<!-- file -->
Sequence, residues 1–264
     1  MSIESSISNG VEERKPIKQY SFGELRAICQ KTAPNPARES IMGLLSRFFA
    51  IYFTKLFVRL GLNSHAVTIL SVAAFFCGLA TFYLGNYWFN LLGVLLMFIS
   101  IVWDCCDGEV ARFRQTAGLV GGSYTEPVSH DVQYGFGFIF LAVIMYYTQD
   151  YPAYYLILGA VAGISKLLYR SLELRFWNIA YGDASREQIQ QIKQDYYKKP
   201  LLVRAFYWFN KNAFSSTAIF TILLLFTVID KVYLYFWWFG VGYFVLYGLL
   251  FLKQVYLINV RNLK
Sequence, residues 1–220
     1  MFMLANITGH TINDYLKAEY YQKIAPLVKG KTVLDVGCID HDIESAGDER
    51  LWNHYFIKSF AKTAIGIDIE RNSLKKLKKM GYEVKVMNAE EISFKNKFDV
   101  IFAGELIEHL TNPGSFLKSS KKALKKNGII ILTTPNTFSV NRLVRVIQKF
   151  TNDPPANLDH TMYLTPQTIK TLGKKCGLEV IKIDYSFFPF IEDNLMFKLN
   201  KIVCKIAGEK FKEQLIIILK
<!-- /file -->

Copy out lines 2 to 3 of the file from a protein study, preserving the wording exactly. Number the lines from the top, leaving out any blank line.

     1  MSIESSISNG VEERKPIKQY SFGELRAICQ KTAPNPARES IMGLLSRFFA
    51  IYFTKLFVRL GLNSHAVTIL SVAAFFCGLA TFYLGNYWFN LLGVLLMFIS